Are your only choices to start your Roth conversion ladder while still employed (thus paying at whatever tax rate you are while employed), use taxable accounts, or draw on Roth basis?

For my own situation, I was asking post-401k maxing. We will still be in the 25% bracket after that, and worse (well, worse in context of making too much), still in the 25% bracket even after $11k in traditional IRA lowering AGI. In our case, I was considering a Roth to draw the basis (however, contributions would be at 25%), taxable accounts or cash prior to FIRE (also at 25%), or eating the 10% early withdrawal penalty plus whatever taxes would be (potentially lower than 25%?). After 5 years, we'd be able to use the laddered money.

It sounds like you're saying the difference between traditional and Roth is pretty miniscule and won't matter?

MoonShadow

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Still likely better off taking the deduction now, but you aren't doing anything 'wrong' if you choose otherwise.  You can also split the contribution limit between a regular IRA & roth.  But if you have a 401k, or better, an HSA; put as much as they will let you into that and whatever extra you might have into a roth and you will have both taxable & non-taxable options available that will allow you to shoot or that elusive 0% effective tax bracket after FIRE.

I think maybe my question wasn't quite clear enough with my own personal story.

Are your only choices to start your Roth conversion ladder while still employed (thus paying at whatever tax rate you are while employed), use taxable accounts, or draw on Roth basis?


No, there are other useful tricks, but they depend upon doing things right.

Quote

For my own situation, I was asking post-401k maxing. We will still be in the 25% bracket after that, and worse (well, worse in context of making too much), still in the 25% bracket even after $11k in traditional IRA lowering AGI. In our case, I was considering a Roth to draw the basis (however, contributions would be at 25%), taxable accounts or cash prior to FIRE (also at 25%), or eating the 10% early withdrawal penalty plus whatever taxes would be (potentially lower than 25%?). After 5 years, we'd be able to use the laddered money.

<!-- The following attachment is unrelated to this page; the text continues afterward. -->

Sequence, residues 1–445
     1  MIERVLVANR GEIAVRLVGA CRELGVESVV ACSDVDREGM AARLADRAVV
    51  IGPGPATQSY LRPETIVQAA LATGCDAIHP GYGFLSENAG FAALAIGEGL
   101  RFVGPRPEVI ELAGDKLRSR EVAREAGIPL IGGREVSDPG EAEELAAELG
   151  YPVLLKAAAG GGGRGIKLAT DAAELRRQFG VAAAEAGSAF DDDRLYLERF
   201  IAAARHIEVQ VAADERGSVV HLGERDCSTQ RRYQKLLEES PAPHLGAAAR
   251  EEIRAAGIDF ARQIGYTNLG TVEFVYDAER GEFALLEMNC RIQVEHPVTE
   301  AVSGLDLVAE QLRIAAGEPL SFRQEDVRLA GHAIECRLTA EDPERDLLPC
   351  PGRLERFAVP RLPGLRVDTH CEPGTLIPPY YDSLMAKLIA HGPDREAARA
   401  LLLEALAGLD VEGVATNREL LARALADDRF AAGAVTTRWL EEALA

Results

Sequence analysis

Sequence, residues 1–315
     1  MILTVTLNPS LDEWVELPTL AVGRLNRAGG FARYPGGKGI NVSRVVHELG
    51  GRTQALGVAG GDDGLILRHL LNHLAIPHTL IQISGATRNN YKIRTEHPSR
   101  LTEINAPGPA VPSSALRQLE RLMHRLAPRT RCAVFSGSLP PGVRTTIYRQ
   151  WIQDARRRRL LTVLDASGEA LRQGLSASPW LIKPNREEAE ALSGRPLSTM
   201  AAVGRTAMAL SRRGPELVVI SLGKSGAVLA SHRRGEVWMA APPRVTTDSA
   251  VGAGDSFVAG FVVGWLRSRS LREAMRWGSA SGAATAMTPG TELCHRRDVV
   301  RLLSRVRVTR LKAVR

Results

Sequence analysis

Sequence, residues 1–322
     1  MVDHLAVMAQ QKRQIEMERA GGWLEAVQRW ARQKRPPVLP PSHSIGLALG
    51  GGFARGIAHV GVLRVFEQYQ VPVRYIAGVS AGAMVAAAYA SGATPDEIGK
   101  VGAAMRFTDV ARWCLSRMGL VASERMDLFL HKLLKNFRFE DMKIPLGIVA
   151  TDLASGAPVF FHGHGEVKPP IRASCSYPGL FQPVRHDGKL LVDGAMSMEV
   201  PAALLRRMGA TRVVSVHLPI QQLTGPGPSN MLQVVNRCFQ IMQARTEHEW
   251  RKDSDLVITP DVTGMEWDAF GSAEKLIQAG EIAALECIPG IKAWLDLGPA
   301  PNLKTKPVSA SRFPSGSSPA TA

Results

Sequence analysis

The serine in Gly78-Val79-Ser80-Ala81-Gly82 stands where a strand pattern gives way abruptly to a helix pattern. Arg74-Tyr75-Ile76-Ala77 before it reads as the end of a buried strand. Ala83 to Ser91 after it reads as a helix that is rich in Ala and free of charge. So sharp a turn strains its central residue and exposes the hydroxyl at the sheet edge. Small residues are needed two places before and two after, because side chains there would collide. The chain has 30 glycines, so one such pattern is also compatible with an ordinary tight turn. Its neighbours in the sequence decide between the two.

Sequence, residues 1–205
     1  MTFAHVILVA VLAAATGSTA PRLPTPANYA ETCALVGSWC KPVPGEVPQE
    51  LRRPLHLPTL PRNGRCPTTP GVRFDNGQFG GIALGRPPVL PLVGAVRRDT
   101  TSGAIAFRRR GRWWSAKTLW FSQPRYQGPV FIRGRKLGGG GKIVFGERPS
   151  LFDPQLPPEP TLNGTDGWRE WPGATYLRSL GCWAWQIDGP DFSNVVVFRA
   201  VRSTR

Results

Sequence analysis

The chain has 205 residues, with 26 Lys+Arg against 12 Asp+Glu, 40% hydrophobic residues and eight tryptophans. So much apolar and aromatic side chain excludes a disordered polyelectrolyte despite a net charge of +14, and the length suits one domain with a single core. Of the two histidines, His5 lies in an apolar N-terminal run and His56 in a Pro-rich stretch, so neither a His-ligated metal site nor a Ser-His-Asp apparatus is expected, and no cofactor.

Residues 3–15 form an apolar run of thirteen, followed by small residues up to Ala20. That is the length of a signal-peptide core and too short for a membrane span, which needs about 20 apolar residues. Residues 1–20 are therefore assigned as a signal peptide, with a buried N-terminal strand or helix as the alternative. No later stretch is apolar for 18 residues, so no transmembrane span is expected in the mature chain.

It sounds like you're saying the difference between traditional and Roth is pretty miniscule and won't matter?

No, that is not what I'm saying.  I'm saying that the tax brackets are set up so that your 'last' income is taxed highest, and in the 25% tax bracket, you are almost certainly better off with the current deduction.  Also, while you may believe that you will still be in the 25% tax bracket after retirement, this will almost certainly not be the case after a few years.  So if the math looks like an even case between a traditional or Roth IRA, it's probably still favored to the traditional in practice.  But the 25% tax bracket is about where things are questionable anyway.

Still, there are too many factors to consider.  Myself, as an example, made $129K gross last year, with an AGI of $50K, and have been exempt at federal level for the past 3 years.  You really can set up your life to pay zero legally.

MDM

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I'm curious if anyone has done the math to figure out when it makes sense to do Roth versus Traditional to get through the early stages of FIRE?

My wife and I are at the point now where regardless of which one we choose, we'll be in the 25% tax bracket for that income (~$87k after 401k reduction).
...
So now the question becomes; do I lower my AGI by $11k now (and still hit the 25% bracket) by contributing to the traditional, use Roth's for the bulk of our first few years of FIRE and then pay penalties, or save cash in the last 2-3 years before FIRE (which will likely also be in the 25% bracket)?

Missing one big puzzle piece: what will your marginal bracket be in the 5 year window?  E.g., if it will be 10% then an extra 10% only gets to 20%, and that is less than your current 25%.

MDM